The original 40 per cent target formed apart of the Labor-Greens 2008 Parliamentary Agreement which committed the ACT Government to legislate a greenhouse gas reduction target based on the United Nations Framework Convention on Climate Change, which was set the year before.

Chief Minister Andrew Barr lauded the achievement as an example of the ACT’s innovative approach to emissions reduction.

“Over the past decade, the ACT has demonstrated national leadership in preparing our community for climate change,” he said.

“The ACT Government has an ambitious agenda to continue taking action on climate change by reducing emissions from the ACT’s public transport and waste sectors as we work towards our zero net emissions target.”

Further details will be published in the ACT Greenhouse Gas Inventory for 2019-20 which will be released in the next month.

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Leon Arundell5:01 pm 10 Dec 20

The ACT did not meet its legislated greenhouse emissions target “to reduce greenhouse gas emissions in the ACT to 40% less than 1990 emissions by 30 June 2020.”

According to the ACT Greenhouse Gas Inventory, in 1990 there were 1,209 kt CO2-e of emissions in the ACT. That did not include the 2,035 kt CO2-e of emissions that were caused outside the ACT, in producing our electricity.

According to the 2019–20 Minister’s Annual Report on Climate Change, emissions in the ACT in 2019-20 were 1,684 kt CO2-e. That is a 39% increase on 1990.

* Climate Change and Greenhouse Gas Reduction Act:
2010 https://www.legislation.act.gov.au/View/a/2010-41/current/PDF/2010-41.PDF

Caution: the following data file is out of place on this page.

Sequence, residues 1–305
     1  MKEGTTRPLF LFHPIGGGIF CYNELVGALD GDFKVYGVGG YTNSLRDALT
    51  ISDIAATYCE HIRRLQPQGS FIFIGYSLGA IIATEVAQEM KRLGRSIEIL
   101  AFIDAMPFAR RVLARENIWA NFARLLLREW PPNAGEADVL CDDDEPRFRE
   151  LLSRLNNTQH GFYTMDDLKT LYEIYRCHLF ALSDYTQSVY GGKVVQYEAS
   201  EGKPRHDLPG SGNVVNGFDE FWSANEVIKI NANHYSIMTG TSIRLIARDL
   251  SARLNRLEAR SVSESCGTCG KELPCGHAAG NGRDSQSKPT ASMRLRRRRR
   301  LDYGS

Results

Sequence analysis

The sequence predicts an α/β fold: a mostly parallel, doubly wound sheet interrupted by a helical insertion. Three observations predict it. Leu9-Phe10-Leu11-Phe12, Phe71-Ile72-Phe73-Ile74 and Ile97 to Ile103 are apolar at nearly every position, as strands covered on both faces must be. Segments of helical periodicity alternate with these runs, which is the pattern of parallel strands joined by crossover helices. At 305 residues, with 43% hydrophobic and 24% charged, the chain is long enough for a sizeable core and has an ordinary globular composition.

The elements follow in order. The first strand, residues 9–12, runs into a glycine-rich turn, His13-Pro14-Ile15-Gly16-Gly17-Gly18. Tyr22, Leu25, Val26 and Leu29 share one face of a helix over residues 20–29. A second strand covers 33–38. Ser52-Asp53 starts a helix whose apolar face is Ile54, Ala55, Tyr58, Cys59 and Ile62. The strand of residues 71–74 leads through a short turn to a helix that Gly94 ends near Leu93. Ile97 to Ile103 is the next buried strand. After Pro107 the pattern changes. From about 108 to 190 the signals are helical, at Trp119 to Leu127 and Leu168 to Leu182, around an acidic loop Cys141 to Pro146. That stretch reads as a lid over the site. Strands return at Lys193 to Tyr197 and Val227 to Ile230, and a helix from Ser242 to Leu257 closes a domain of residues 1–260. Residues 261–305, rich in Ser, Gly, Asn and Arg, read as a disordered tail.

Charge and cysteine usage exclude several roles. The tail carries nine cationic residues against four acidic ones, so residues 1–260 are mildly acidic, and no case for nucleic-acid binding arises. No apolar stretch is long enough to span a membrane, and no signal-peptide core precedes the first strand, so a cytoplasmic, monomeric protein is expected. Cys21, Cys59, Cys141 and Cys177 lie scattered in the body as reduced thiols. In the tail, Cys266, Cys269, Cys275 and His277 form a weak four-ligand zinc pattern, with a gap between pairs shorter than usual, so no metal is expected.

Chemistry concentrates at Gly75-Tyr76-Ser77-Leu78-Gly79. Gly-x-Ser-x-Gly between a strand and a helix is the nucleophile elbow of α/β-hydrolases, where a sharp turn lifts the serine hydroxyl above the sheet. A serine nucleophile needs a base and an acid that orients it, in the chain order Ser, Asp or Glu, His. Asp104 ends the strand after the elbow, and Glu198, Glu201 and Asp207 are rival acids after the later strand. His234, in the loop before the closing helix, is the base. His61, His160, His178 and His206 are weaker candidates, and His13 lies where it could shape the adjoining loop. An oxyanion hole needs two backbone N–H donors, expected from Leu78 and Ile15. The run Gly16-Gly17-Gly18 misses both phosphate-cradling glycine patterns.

* ACT Greenhouse Gas Inventories: https://www.environment.act.gov.au/cc/measuring-act-emissions
* 2019–20 Minister’s Annual Report on Climate Change: https://www.environment.act.gov.au/__data/assets/pdf_file/0007/1670353/2019-20-Ministers-Annual-Report-under-the-Climate-Change-and-Greenhouse-Gas-Reduction-Act-2010.pdf

Not hard when we have a government that tells lies about the ACT only using renewable energy, when we get it from a grid of mixed input.

HiddenDragon5:46 pm 07 Dec 20

We will need a lot more than a gimmicky “big battery” (which would supply a small minority of Canberra homes for an hour, or so) when NSW starts closing their coal power plants and we can no longer freeload on their baseload supply.

ACT resident2:03 pm 07 Dec 20

Heavy vehicle transport will increase our greenhouse gas emissions should the two major waste hubs for Fyshwick be approved. The ACT does not produce waste sufficient to meet the amounts stated in the CRS and Hi Qual proposals. We are already processing Sydney construction waste at Pialligo. Unfortunately, the ACT Waste to Energy Policy welcomes processed engineered fuel factories to be established with plastic and contaminated construction waste to be incinerated anywhere except the ACT.

Capital Retro1:25 pm 07 Dec 20

It’s hard to believe that claim when anyone who goes to the MLRMC knows that the odour emissions there are worse than ever.

Obviously Barr and Rattenbury never venture out of their respective offices.